‘Split’ and the views of Multiple Personality Disorder

‘Split’ and the views of Multiple Personality Disorder

Is it morally right to criticize people with mental disabilities and is it even ethically okay to portray these mental disabilities as harmful and dangerous when they are not?

If both of these answers are “no,” then why does Hollywood keep making movies and TV shows with characters that have these disabilities, convincing the audience that every person with a mental illness is dangerous? Why does the audience keep watching without once thinking that there are people, friends and family even, who could have these illnesses? A new thriller or horror movie has come out, yet again, spilling the ‘dangers’ of a certain mental illness. This movie is Split.

Split is about a man with “Split Personality Disorder” or more commonly known as DID, dissociative identity disorder. In this movie, Kevin, played by James McAvoy, has 24 distinct personalities. While in one of his many characters, he jumps into a car with three young females and when they quickly question him, he knocks them out and locks them up in a windowless bunker. The females, and the audience, quickly learn that he has a personality disorder.

This movie, just up to this point, has already put a bad reputation on people with DID. It makes them look like they cannot be trusted and that they should be locked away because they are dangerous. However, they are not. This movie was based off of the most extreme aspects only.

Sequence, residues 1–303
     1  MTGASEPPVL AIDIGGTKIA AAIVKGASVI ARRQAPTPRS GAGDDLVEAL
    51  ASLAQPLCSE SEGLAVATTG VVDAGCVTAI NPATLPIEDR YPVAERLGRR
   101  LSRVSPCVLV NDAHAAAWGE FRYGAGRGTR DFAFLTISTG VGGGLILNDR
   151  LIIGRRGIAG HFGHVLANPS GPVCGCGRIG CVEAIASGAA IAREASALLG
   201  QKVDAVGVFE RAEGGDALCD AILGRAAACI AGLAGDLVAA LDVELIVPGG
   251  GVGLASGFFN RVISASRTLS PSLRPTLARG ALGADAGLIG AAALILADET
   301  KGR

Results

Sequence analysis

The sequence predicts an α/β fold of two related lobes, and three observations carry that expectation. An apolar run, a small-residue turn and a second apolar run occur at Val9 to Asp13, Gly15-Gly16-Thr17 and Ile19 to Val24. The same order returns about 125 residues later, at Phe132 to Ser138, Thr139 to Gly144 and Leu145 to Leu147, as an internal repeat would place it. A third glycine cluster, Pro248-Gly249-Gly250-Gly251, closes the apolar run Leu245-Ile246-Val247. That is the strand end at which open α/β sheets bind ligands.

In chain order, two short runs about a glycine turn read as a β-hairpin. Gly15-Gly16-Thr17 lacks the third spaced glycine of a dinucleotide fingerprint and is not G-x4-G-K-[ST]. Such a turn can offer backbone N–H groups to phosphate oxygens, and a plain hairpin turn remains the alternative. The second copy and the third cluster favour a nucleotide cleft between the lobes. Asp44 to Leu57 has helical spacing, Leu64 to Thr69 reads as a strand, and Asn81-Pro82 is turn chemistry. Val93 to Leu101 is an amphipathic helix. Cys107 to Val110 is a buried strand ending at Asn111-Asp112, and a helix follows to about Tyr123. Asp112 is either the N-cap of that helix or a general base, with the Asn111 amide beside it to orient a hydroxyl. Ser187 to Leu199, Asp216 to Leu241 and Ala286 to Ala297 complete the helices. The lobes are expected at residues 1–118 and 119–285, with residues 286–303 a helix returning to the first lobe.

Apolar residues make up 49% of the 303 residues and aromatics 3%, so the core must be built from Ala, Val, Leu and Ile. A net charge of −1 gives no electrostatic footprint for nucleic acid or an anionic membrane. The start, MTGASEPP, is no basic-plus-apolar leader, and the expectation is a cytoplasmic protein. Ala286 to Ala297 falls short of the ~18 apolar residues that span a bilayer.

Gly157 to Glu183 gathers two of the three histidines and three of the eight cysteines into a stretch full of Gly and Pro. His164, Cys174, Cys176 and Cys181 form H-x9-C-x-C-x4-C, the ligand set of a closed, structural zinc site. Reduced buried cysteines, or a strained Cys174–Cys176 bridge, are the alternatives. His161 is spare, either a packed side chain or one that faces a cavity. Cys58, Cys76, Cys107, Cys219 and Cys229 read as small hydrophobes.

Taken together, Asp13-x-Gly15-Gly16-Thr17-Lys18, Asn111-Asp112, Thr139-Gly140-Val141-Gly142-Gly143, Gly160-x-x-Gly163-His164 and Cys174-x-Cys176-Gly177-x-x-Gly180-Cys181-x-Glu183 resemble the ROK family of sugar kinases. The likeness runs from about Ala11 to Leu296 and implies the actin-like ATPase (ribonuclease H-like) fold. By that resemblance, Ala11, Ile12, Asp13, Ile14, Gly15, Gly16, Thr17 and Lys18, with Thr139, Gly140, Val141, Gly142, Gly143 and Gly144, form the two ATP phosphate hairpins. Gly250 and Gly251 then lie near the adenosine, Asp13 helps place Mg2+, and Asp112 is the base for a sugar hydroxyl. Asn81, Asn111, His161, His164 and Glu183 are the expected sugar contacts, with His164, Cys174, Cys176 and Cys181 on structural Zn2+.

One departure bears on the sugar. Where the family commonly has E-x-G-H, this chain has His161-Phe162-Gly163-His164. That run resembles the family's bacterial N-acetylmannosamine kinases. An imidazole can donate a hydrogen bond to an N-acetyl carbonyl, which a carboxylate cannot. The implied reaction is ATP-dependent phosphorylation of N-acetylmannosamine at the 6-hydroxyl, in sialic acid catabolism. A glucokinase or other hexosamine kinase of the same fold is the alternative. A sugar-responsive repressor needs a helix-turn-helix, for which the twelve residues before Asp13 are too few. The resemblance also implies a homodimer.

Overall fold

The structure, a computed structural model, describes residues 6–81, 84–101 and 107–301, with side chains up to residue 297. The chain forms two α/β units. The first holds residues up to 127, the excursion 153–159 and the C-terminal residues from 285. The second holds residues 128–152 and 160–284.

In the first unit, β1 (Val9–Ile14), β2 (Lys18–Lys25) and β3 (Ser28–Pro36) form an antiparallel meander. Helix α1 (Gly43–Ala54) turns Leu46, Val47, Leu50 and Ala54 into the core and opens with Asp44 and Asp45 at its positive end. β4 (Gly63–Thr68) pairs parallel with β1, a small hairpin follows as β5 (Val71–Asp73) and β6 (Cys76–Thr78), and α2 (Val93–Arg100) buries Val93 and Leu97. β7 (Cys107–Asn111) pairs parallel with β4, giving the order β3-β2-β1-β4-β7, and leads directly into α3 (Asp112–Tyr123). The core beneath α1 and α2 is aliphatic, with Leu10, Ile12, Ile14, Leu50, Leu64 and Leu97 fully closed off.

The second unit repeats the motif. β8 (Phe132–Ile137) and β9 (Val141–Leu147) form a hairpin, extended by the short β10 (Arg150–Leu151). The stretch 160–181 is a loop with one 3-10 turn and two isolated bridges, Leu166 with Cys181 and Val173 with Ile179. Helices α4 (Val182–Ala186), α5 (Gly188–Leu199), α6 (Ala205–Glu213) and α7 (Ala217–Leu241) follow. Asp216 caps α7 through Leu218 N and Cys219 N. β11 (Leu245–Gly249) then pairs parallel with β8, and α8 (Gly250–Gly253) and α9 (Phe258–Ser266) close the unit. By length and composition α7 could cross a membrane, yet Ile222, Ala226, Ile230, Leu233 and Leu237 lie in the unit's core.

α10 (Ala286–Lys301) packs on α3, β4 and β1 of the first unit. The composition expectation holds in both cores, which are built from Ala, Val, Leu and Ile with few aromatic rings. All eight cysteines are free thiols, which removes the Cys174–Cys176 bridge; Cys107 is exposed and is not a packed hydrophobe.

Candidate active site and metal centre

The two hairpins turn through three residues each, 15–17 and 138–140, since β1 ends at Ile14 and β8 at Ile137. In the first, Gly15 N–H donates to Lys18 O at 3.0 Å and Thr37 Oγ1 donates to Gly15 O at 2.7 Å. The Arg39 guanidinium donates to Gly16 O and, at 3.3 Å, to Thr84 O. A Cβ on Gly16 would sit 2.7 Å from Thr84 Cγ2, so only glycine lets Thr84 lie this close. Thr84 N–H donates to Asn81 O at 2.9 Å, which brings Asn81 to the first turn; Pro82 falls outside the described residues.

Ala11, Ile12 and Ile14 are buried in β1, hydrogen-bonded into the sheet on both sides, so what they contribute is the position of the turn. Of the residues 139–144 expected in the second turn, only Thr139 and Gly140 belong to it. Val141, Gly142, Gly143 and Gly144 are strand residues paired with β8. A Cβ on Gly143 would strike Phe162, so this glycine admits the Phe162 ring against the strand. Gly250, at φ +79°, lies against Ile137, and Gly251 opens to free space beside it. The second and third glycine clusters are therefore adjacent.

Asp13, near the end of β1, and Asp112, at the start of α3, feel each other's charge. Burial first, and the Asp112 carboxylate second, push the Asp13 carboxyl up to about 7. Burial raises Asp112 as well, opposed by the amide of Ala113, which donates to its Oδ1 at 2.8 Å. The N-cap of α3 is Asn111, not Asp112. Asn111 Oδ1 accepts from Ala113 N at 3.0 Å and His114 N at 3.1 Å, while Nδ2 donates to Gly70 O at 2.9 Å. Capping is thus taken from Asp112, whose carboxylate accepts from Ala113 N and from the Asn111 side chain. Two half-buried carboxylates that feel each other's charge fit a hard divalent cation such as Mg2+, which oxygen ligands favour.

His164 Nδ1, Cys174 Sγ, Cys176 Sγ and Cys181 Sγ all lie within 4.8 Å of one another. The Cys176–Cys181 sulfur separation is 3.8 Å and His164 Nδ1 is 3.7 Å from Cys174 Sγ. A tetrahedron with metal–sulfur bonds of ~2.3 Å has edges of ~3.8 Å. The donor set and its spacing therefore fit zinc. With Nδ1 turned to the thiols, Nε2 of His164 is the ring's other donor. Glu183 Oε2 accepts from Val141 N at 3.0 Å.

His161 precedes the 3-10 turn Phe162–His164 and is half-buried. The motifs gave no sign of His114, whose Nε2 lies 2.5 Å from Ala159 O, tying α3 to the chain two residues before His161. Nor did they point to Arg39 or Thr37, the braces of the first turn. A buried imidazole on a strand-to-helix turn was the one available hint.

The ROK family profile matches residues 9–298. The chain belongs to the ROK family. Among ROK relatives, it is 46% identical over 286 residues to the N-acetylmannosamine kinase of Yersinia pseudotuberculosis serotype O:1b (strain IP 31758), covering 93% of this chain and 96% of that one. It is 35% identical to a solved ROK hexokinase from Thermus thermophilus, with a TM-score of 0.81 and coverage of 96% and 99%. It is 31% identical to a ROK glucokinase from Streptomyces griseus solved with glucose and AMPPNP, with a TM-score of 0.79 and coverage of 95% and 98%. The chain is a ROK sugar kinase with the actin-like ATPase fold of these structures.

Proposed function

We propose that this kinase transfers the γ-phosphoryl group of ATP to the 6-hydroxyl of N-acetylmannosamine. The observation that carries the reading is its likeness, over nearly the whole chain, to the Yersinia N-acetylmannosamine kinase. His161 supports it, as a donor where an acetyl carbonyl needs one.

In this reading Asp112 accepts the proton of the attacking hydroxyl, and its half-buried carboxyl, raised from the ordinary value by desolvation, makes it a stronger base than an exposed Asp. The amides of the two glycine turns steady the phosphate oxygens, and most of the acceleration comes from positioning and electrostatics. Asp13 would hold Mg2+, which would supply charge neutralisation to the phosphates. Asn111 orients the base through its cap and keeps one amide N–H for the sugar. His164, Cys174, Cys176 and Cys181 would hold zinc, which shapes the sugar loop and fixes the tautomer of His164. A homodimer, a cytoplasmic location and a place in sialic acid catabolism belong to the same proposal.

“You are going to upset and potentially exacerbate symptoms in thousands of people who are already suffering,” said Dr. Garrett Marie Deckel to CNN. Deckel is a DID specialist at Mount Sinai’s Icahn School of Medicine.

Most patients with DID experience the other personalities as a coping mechanism. A high percentage of people with DID went through abuse, typically with no viable escapes, and their brain has reconfigured itself to ‘escape’ reality or at least the current situation to make them feel at ease.

Overall, the movie could be a great thriller or horror film, had it not made people scared of a disorder that may affect over 1% of Americans. More so, it not only makes people fear strangers or friends and family who have this disorder, but may make people who have the disorder feel like they don’t belong and are a danger to the people around them. The movie Split was insensitive to people who suffer from this disorder on a daily basis.

(Image Credit/Hamilton Movie Theater)

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